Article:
Top Stories Marginal Delay of 11 Days: Bombay HC directs Income Tax Dept to accept Declaration under VSV Act [Read Order] The Bombay HC directed the Income Tax Department to accept the declaration under the VSV Act as there was only a marginal delay of 11 days. By Kalyani B. Nair – On January 29, 2024 3:02 pm – 2 mins read The Bombay High Court directed the Income Tax Department to accept the declaration under the Vivad se Vishwas Act, 2020 (VSV Act) as there was only a marginal delay of 11 days.
The Petitioner filed a declaration under the VsV Act in Form 1 inter alia, giving particulars of tax arrears and amounts payable in respect of the pending Income Tax dispute for Assessment Year 2017-18. Since the outstanding tax demand was of 235,94,164/, the amount under the VsV Act was computed at 214,04,620/-after adjustment of the amount of 28.14,000/- which the Petitioner already paid to the revenue. The Petitioner has pleaded that in June 2021 or thereabouts, the Respondents closed their old website and migrated to a new website.
The Petitioner has pleaded that, as a result, there were several technical glitches in accessing the new website. The Petitioner has pleaded that this technical error continued beyond September 2021. As a result, the Petitioner was disabled from accessing the e-filing account until the first week of October 2021. The Petitioner has further pleaded that after numerous follow ups by the Petitioner to correct the amount payable by the Petitioner, the authorised representative of the Petitioner was informed that the Respondents had uploaded corrected and revised Form 3 dated 01.09.2021 in the Petitioner’s e-filing account on the new website of the respondents. The counsel for the petitioner submitted that there were technical glitches on account of migration from the old website to the new website. The factum of such technical glitches was in the public domain and even the newspaper reported about the same.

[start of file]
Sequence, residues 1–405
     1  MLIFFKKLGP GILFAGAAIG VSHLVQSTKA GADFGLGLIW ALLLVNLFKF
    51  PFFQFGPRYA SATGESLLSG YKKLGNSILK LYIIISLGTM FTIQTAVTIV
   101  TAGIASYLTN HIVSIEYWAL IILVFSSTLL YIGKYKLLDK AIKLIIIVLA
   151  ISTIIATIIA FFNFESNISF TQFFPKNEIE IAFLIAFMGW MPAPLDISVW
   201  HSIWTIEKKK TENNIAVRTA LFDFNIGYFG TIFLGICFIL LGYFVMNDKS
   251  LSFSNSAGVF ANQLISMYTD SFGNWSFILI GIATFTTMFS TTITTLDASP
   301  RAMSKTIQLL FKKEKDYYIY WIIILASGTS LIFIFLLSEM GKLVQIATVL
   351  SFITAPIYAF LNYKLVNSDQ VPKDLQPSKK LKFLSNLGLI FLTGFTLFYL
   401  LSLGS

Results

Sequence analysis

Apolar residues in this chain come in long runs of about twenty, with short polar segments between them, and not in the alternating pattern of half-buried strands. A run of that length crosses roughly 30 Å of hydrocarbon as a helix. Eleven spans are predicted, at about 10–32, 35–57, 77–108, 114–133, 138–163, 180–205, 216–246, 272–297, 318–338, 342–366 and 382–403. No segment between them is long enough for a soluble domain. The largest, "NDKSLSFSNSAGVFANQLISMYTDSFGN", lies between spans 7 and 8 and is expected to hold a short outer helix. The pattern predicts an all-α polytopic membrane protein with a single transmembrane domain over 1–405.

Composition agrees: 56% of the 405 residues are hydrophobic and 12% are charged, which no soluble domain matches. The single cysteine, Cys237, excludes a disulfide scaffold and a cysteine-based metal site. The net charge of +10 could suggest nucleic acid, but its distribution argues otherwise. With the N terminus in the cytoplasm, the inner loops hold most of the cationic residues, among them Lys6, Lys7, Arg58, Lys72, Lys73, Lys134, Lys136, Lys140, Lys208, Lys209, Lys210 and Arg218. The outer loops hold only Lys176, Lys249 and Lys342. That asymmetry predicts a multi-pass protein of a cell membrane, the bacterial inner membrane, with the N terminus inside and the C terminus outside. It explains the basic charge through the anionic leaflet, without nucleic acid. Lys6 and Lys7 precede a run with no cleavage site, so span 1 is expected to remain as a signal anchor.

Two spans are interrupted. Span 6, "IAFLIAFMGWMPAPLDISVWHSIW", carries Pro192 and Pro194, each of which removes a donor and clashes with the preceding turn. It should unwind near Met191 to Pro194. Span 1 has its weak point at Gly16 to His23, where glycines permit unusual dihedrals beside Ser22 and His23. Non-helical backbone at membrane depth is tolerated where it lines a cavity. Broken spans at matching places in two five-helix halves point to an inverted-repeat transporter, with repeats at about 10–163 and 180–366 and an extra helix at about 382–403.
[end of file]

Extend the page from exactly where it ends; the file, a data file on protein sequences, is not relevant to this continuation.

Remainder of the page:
The counsel submitted that, as a result, the Petitioner could access the new website only in the first week of October 2021. Within 15 days of such access, the Petitioner promptly paid the demanded amount of 14,04,620/- within 15 days of the receipt of revised Form 3. He submitted that this was consistent with the provisions of Section 5(2) of the VsV Act. Directing the Income Tax Department to accept the petitioner’s declaration, a Division Bench comprising Justices M. S. Sonak and Valmiki Sa Menezes observed that “As noted above, even if the contention about technical glitches is kept aside, this is a matter where the Respondents themselves committed several errors in processing the Petitioner’s declaration in Form 1, which was made within the prescribed period and by due compliance with the prescribed procedure. This is a matter where the Petitioner withdrew her pending appeal. This is a matter where the Petitioner, in the first instance, determined the amount payable under the VsV Act correctly but had to struggle to get the Respondent’s determination corrected.”
“In this case, the extension, strictly speaking, may not even be necessary, given the factual position. Therefore, we do not propose to go into the larger issues about the power to condone etc., since the matter can be decided on a narrow factual base. However, even if it is considered that there was some marginal delay of 10 to 12 days, the Respondents, in the peculiar facts and circumstances of this case, were not justified in rejecting the Petitioner’s declaration or holding that the Petitioner’s declaration was null and void” the Court noted.